I hope you’ll visit Paducah, hiding in western Kentucky, whether during

quilting in feathery swirls echoing around each other in 3 to 5 layers

My sister Patricia Heinrich Hechler doodled on an Innova at the Accomplish Quilting booth

QuiltWeek (the next one is September 13-16, 2017) or any other time. A city whose roots go back to water trade, and a textile town because of it, the historic downtown offers shops to pull you in and make you stay a spell, those eateries, and a mural along the floodwall.

 This was my third visit to Paducah, and it won’t be my last.

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Book Review: Dark Alchemy

Dark Alchemy (Dark Alchemy trilogy), Laura Bickle (HarperCollins, Voyager Impulse, 2015)

Cover of Dark Alchemy, HarperCollins, Voyager Impulse

  • Book one the Dark Alchemy trilogy, 371 pp. At the time of this review (4/30/17), it holds a 4.2-star review on Amazon.
  • Contemporary Fantasy
  • Book Obtained By: Purchased at Westerville Public Library Fantasy Panel, Spring 2016, where the author spoke.

My Chocolate Rating on Scale of 5: 4 Ghiradelli Salty Caramels (just shy of perfection)

From the jacket

“Some secrets are better left buried…

“Geologist Petra Dee arrives in Wyoming seeking clues to her father’s disappearance years ago. What she finds instead is Temperance, a dying western town with a gold rush past and a meth-infested present. But under the dust and quiet, an old power is shifting. When bodies start turning up—desiccated and twisted skeletons that Petra can’t scientifically explain—her investigations land her in the middle of a covert war between the town’s most powerful interests. Petra’s father wasn’t the only one searching for the alchemical secrets of Temperance, and those still looking are now ready to kill. Armed with nothing but shaky alliances, a pair of antique guns, and a relic she doesn’t understand, the only thing Petra knows for sure is that she and her coyote sidekick are going to have to move fast—or die next.”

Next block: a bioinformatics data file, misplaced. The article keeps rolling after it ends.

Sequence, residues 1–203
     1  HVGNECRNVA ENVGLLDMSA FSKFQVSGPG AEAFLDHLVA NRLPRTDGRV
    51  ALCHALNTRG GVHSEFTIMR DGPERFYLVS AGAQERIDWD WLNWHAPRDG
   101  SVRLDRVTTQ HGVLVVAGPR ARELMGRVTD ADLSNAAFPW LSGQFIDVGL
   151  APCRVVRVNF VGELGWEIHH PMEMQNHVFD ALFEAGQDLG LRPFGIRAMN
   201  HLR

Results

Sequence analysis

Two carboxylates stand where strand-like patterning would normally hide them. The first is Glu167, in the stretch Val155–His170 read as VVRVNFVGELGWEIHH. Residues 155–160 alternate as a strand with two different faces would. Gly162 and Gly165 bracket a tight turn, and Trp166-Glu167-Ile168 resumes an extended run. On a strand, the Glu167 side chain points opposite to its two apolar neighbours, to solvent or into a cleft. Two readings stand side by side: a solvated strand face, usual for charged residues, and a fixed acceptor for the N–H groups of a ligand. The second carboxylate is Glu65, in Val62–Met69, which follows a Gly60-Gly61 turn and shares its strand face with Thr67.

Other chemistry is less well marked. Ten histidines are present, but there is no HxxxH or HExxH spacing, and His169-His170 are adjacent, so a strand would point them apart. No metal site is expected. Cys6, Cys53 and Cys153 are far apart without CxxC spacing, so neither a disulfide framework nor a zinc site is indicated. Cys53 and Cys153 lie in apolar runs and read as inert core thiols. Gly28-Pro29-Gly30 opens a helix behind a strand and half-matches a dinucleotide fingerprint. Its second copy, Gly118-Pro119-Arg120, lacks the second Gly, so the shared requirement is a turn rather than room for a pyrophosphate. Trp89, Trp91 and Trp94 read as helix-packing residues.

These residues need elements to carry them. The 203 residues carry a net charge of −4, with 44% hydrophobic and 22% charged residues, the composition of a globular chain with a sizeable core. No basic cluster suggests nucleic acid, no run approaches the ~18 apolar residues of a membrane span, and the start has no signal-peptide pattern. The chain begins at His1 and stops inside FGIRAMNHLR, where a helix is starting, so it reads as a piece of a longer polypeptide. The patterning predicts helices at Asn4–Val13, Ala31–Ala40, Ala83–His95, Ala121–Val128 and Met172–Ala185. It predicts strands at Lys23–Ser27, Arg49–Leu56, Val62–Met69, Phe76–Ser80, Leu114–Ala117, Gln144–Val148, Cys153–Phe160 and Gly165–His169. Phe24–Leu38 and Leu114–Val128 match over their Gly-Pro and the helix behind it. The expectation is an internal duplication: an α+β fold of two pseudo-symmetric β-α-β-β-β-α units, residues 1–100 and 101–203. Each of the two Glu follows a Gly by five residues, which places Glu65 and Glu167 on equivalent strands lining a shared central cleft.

Review

Dark Alchemy (HarperCollins, Voyager Impulse, 2015) is book 1 of Laura Bickle’s Dark Alchemy trilogy.

Bickle tells this tale in third person, alternating point of view (POV) primarily between Petra and one of Sal Rutherford’s ranch hands, Gabe; then a peripheral character, Cal, and one of the power brokers in Temperance, Stroud. Since I read this over the period of a few weeks, I may have forgotten a lesser-used POV. Bickle didn’t head-hop—bouncing around fast in POVs. I appreciate authors who stick in a point of view and give clear breaks (like a section break or chapter break) before shifting the POV. The story line rocks, pun fully intended, for this geologist set to discover what happened to her father some twenty years ago.

If you enjoy mystery and discovery in your urban fantasy (or contemporary fantasy, as this was named), join Petra as she tries to unearth the clues about her father’s disappearance. Temperance holds more mysteries than the denizens let on. Then there’s Petra’s own backstory, which Bickle weaves in as part of a subplot—why she chosen now to search for her missing father, some nineteen years (I think it was) after the fact. Loss haunts Petra.

Bickle builds Petra as a character capable of taking care of herself, so Petra’s actions make sense as Bickle raises the stakes with incidents growing in violence and danger. The subplot (around why now) dovetails nicely with these incidents. As a scientist, Petra’s analytical way of looking at problems means she’s not prone to jumping to conclusions or accepting anything at face value. This gives Bickle loads of room for Petra to engineer solutions for study while she waits for her geological tools to arrive. Then, when she unboxes the first shipment, her arsenal grows. Likewise, when the danger grows, Bickle keeps Petra in character. If science can’t get her out of it, then her strong will might.